Ternopil is one of the largest cities of western Ukraine, in its heart and having the status of an important trade center. It is a quiet, incredibly green city with a unique atmosphere, bright history and a plethora of interesting natural, historical and architectural sites.
The name Ternopil, according to one tale, originates from the phrase "ternovoye polye" (literally, “blackthorn field”), because of blackthorn trees that used to grow here. Another legend claims that the city's name comes from its founder, Grand Crown Hetman Jan Tarnowski. It was he who, after receiving a letter from the Polish ruler Sigismund I the Old calling for a city to be established, built a fortified castle here in the 16th century.
In the Middle Ages, Ternopil stood at the intersection of important trade routes, becoming an important center of commerce. The city was a part of the Austro-Hungarian Empire since the late 18th century, but after the end of the World War I, it returned to Poland. In 1939, Ternopil became a part of the Soviet Union, and, since 1991, of independent Ukraine.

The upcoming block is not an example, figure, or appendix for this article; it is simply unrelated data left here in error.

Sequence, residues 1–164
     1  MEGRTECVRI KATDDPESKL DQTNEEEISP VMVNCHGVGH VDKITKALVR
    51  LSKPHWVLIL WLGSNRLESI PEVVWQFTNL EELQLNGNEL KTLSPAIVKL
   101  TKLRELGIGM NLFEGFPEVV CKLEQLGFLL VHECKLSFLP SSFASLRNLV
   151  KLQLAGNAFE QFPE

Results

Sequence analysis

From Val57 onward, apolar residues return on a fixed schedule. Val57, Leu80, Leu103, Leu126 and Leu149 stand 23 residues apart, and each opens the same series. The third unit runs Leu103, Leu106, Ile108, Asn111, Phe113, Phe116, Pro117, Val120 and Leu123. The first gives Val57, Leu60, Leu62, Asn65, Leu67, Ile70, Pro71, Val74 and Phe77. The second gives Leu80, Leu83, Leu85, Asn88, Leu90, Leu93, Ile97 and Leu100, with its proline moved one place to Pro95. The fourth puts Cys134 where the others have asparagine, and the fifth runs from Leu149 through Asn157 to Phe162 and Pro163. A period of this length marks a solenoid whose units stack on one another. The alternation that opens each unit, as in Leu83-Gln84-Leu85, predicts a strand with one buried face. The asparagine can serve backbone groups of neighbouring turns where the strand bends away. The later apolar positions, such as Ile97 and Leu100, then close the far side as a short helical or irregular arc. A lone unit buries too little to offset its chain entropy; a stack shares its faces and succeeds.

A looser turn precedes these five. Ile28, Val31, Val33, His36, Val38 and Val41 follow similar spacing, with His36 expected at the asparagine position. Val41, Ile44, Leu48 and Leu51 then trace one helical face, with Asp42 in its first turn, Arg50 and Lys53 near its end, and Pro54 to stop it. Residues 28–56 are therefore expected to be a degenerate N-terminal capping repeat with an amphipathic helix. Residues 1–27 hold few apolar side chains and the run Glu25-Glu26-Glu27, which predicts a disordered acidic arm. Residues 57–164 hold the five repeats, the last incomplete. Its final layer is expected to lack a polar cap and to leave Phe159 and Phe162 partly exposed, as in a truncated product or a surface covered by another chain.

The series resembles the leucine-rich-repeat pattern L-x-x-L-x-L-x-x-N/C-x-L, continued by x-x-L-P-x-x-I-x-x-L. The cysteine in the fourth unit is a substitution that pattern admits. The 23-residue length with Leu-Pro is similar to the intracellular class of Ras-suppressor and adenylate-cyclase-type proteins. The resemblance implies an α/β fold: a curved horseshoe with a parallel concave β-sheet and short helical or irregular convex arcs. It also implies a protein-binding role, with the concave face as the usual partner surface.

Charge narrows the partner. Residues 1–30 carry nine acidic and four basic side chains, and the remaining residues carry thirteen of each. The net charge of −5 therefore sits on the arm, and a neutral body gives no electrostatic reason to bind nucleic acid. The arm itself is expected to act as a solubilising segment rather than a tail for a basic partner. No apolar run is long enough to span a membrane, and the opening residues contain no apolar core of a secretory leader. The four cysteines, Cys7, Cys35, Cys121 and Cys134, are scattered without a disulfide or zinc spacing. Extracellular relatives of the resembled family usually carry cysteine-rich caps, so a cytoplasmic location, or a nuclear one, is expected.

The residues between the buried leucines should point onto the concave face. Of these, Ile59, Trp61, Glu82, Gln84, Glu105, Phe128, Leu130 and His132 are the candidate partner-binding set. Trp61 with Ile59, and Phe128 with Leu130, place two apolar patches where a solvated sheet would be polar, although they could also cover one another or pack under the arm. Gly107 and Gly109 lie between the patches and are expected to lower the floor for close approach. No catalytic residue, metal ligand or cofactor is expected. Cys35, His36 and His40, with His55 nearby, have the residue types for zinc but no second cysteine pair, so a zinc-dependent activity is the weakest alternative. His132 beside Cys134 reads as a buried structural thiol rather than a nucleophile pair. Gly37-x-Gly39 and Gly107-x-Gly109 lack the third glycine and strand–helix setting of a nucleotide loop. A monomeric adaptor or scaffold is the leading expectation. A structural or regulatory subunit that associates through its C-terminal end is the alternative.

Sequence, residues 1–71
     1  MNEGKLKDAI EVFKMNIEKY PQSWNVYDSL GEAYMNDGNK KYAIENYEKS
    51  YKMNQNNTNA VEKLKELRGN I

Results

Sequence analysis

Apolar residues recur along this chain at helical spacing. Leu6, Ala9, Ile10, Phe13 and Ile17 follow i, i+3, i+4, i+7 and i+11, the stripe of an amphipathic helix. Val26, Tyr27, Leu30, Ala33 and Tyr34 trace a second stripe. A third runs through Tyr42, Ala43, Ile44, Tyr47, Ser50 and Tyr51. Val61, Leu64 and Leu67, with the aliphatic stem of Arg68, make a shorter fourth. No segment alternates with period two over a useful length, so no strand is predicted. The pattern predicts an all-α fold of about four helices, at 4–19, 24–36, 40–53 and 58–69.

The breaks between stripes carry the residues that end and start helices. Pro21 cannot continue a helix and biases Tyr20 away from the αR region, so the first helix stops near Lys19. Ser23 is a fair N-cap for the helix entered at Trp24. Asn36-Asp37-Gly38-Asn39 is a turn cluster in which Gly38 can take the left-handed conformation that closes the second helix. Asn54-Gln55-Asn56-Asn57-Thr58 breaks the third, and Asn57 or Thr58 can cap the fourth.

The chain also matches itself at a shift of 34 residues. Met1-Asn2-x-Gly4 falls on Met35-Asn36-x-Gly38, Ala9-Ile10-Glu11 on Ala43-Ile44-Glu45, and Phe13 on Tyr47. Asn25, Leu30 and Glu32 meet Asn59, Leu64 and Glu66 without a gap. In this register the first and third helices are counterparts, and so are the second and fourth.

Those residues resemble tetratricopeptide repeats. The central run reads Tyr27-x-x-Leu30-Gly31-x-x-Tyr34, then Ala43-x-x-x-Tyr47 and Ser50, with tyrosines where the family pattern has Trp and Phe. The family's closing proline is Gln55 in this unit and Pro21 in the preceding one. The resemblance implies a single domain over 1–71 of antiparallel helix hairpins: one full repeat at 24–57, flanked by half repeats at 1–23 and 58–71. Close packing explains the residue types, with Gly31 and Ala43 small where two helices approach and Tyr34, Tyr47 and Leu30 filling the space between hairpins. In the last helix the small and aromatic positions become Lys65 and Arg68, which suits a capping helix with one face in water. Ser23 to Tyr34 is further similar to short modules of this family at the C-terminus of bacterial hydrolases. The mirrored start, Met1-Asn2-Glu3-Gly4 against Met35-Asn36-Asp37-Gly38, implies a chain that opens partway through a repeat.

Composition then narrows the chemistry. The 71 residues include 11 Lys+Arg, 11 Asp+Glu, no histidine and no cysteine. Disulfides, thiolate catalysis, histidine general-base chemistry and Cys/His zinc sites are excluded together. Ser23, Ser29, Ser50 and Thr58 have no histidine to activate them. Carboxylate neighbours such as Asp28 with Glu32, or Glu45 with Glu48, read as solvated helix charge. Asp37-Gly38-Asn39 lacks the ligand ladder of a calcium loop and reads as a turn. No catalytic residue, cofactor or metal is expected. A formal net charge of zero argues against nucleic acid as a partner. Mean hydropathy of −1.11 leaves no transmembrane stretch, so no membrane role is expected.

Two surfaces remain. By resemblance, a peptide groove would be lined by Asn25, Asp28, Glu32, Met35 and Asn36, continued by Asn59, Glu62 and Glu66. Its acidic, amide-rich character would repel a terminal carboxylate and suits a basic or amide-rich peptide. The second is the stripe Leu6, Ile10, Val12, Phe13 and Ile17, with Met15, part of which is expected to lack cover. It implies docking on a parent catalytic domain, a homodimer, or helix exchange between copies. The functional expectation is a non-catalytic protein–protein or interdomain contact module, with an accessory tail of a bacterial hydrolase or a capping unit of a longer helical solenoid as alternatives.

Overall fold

The city’s main point of interest is the Old Castle, whose history started almost 500 years ago. It is the oldest surviving construction in Ternopil. Though the castle was a defensive bulwark, it could not escape the ravages of war: the fort was ruined several times, but was rebuilt again and again. In the 19th century, the castle was turned into a Russian classicist palace, and its remaining defenses were annihilated. Today, a stone wall with highly decorated gates surrounds the palace.
Amongst the architectural gems that give Ternopil its inimitable look, the Dominican Church deserves special mention. Built in the 18th century in the late Baroque style, its elegant towers rise in the historic city center. Near the church stands the Dominican monks’ living quarters. In Soviet times, the church was turned into a picture gallery; it is now active once again.